Well clearly you did, until it didn't fit your agenda.

Quote:
Hey, YOU came up with "a cell phone is not a right". I guess enough food to live on is not either.
Read what I wrote. Welfare provides enough funding for food.

Quote:
Don't twist things. Clean water is NOT a right. It is that simple.
You're right. It isn't. It's still easy to get access to.

Quote:
What do we do to "help them"? The same as we do to help the people who cannot reach 911, because in those modern times, it is too damn hard to put an extra tower at some places. Let them rot.
They don't have to put the tower up. Don't like it? Pay for it. No company needs to lose profit for you. The government does not need to provide a fucking cell phone tower for you. Get over yourself.

Quote:
Having access to it and something being a right is so not the same.

You're right, it is different, but why go through the bureaucratic red tape associated with altering the Charter just to put something in that is already a law? It's unnecessary and a waste of time.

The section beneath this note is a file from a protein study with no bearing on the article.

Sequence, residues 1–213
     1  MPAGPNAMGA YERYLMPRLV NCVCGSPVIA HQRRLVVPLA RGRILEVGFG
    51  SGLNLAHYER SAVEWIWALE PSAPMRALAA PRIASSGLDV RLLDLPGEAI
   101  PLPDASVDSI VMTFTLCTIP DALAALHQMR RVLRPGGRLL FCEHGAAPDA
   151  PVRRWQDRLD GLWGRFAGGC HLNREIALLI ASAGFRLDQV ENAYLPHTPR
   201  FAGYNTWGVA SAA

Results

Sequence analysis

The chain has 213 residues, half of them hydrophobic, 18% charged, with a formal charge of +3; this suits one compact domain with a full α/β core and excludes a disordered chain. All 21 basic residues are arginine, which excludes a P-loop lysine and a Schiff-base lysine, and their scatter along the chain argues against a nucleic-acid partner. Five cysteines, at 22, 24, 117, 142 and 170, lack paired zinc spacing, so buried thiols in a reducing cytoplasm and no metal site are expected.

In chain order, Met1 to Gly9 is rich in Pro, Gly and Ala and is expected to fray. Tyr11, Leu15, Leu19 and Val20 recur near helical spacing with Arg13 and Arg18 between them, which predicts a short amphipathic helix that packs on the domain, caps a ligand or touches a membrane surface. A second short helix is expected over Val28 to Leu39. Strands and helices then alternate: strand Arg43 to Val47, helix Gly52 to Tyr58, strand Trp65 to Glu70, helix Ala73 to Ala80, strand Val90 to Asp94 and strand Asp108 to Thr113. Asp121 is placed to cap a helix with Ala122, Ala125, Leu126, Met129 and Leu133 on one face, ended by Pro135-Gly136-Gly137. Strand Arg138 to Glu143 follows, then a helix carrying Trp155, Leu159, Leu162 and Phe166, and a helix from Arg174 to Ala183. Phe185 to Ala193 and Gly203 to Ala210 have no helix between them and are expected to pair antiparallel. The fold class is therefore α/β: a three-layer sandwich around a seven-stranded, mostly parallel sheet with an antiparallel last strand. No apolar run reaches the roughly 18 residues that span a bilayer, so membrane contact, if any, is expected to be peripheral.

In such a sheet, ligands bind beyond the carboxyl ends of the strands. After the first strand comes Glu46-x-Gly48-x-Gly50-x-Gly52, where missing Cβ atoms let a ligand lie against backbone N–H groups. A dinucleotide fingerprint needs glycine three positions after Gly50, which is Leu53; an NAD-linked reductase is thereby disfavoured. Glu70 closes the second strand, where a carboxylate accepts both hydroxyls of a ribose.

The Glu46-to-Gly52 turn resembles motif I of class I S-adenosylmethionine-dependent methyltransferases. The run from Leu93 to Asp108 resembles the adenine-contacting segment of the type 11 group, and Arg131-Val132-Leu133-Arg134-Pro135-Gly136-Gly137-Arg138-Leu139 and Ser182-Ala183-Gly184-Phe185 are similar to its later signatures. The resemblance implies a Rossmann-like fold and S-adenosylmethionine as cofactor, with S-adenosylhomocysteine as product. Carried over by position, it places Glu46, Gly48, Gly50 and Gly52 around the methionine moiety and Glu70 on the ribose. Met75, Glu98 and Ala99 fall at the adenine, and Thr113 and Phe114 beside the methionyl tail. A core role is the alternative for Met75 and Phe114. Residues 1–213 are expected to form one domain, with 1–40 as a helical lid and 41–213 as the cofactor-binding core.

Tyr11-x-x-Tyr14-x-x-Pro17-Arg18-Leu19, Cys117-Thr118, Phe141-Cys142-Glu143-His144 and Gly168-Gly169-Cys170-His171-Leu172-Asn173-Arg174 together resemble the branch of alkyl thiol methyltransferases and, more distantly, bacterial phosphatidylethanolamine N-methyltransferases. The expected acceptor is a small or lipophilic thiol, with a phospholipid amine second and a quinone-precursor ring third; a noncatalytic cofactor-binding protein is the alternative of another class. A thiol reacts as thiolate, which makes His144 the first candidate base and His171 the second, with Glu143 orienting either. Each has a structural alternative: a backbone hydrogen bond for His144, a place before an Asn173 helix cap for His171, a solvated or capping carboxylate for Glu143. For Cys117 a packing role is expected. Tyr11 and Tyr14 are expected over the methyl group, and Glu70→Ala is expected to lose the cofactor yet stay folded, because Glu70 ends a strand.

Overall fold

Quote:
But hey, when you are hanging on for life, hoping that someone sees where you went off the road, and it takes another hour to get in reach of a phone, I guess that is as close as "not getting denied it". Right?
Stop making this personal. If you want to have constant access to emergency services, get a fucking SAT phone.

Each cell phone tower costs about 150 grand. Plus having to get permission to put it on someone's land, which they generally have to pay for as well. To cover all of BC, with no overlap, would cost about 50 million dollars. One province. Not to mention the danger of building these things.

http://www.theglobeandmail.com/arts/tel ... le4197888/